He also cites psychosocial health relationships commonly understood in the complex systems science literature.[5]  A rigorous analysis suggests there is no “rule” of "three degrees of influence.”[6] We appear rather to swim in a more extensive influence of socio-cultural milieu which extinguishes with distance in a likely nonlinear way.  By analyzing neither closer parental relationships nor network relationships beyond 3 degrees, the 3 degrees become an artifact of study limitations. Every scientific discipline benefits from more rigor and an awareness of complexity in the phenomena which we study.

Physicians may also benefit from not exagerating their effect size. We are observers more than the actors we may wish to be.  Once we recognize our powerlessness we may still become catalysts for patients ready to make the effort to change through the motivational interview.[7]  We prepare little and manage less of our patients' health travels, and we should take little credit when patients hit bottom and decide to change their walk towards healthier life.

In conclusion Dr. Loxterkamp encourages all healers again to join together in designing our future.  YES, let us add qualitative data fields to hold the heart of our healing practice, but NO, EMRs cannot process that data towards supporting new research agendas. The same-old-as-always extensive human analysis is still required.  YES, we re-affirm the heart of family practice, and NO, we will not earn as much or more in the process as Topol[8] suggests.

There exists this fundamental decision point which every healer must face between breathing the rich life of the village healer or counting our gold. The author cites olleagues who continue chasing the dragon of central power and wealth found as easily in modern Hollywood as ancient Babylon.  Dr. Oz has made his choice but we all make our own.

YES, physicians have already retooled with computers if they chose wisely without the snake-oil cacophony of a thousand EMR vendors.  NO, all fads do come and go as biomarkers also will. Sooner or later biomarkers will not be central to medical care if they affect not a whit of health outcomes.  YES, our Dr. Oz-type televised talking heads are not educated in cutting edge classical medicine.  NO, the answer is not so simple as a humanistic appeal to submerge our EMRs under our medical practice - and YES, we some of us have already done so.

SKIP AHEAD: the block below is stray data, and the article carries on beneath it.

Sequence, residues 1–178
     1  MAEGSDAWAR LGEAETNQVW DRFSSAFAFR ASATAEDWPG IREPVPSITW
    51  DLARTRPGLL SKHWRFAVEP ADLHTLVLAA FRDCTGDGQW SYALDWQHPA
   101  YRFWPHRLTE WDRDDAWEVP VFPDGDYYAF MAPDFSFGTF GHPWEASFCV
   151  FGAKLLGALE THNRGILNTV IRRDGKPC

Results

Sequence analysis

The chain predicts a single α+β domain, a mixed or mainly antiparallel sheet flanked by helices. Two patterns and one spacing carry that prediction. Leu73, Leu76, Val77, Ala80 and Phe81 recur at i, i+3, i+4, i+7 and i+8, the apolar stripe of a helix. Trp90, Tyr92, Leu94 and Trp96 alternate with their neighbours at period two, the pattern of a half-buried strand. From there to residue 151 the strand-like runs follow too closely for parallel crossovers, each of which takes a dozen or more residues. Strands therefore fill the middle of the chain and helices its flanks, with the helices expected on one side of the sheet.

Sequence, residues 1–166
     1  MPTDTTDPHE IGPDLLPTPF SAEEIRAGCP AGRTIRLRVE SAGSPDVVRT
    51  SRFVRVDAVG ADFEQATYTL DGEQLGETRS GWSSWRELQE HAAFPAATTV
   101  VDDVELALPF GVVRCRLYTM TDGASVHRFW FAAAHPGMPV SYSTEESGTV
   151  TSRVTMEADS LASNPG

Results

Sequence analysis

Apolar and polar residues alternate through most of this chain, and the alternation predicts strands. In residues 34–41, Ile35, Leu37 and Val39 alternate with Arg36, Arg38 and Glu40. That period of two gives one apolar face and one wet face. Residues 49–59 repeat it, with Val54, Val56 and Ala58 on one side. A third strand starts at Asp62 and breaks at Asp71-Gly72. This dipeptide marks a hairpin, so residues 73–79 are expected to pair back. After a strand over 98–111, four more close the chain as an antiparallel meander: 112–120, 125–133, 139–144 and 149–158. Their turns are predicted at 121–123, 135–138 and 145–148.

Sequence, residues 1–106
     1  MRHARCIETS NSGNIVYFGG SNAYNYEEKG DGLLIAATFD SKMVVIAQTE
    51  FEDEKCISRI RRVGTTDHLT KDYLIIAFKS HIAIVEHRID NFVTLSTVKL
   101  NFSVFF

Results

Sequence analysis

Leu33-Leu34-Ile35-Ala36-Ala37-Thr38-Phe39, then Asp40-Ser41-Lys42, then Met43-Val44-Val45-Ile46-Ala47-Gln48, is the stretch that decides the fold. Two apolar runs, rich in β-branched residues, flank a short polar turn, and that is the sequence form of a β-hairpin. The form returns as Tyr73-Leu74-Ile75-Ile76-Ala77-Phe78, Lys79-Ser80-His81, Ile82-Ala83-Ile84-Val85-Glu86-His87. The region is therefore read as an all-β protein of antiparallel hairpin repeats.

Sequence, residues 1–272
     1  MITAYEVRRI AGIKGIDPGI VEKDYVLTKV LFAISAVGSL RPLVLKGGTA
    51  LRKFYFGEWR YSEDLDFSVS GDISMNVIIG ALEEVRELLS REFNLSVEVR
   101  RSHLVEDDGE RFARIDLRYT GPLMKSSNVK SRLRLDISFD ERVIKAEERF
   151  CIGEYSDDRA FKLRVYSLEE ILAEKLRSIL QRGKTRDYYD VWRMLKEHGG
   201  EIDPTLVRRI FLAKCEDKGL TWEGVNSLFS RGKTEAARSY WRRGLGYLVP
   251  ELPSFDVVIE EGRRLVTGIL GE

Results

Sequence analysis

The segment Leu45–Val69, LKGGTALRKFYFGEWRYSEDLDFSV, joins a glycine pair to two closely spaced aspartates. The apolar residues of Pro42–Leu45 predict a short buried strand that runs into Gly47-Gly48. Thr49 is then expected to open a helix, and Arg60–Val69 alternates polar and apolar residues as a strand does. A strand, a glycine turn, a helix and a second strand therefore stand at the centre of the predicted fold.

[1] Loxterkamp, D. (2013). Humanism in the time of metrics--an essay by David Loxterkamp. BMJ, 347(sep19), f5539.

[2] Spikol, L. (2005). Purchasing an Affordable Electronic Health Record. Fam Pract Manag, 12(2)(Feb), f31.

[3] Feynman, R. P. (2005). Classic Feynman: All the Adventures of a Curious Character (Har/Com.). W. W. Norton.

[4] Fine, M., Peters, J. W., & Lawrence, R. S. (2007). The Nature of Health. Radcliffe Publishing.

[5] Sturmberg, J. P., McWhinney, I. R., & Martin, C. M. (2007). The Foundations of Primary Care.

[6] Christakis NA, Fowler JH. (2008). The collective dynamics of smoking in a large social network. N Engl J Med, 358,f2249.

[7] Satre, D., & Sterling, S. (2013). PS1-19: Impact of Motivational Interviewing to Reduce Alcohol Use Among Depression Patients. Clinical medicine & research, 11(3), 167, f1.

[8] Topol, E. (2012). The creative destruction of medicine: How the digital revolution will create better health care. New York: Basic Books.

Competing interests: Chief programmer and developer of the nonprofit 501(c)3 EMR project CottageMed, c. 1999-2013, which was the first free, open-source, and cross-platform (PC, Linux, Mac) EMR distributed worldwide.

04 October 2013
Stefan A. Topolski
Country Doctor
U. of Massachusetts Medical School
1183 Mohawk Trail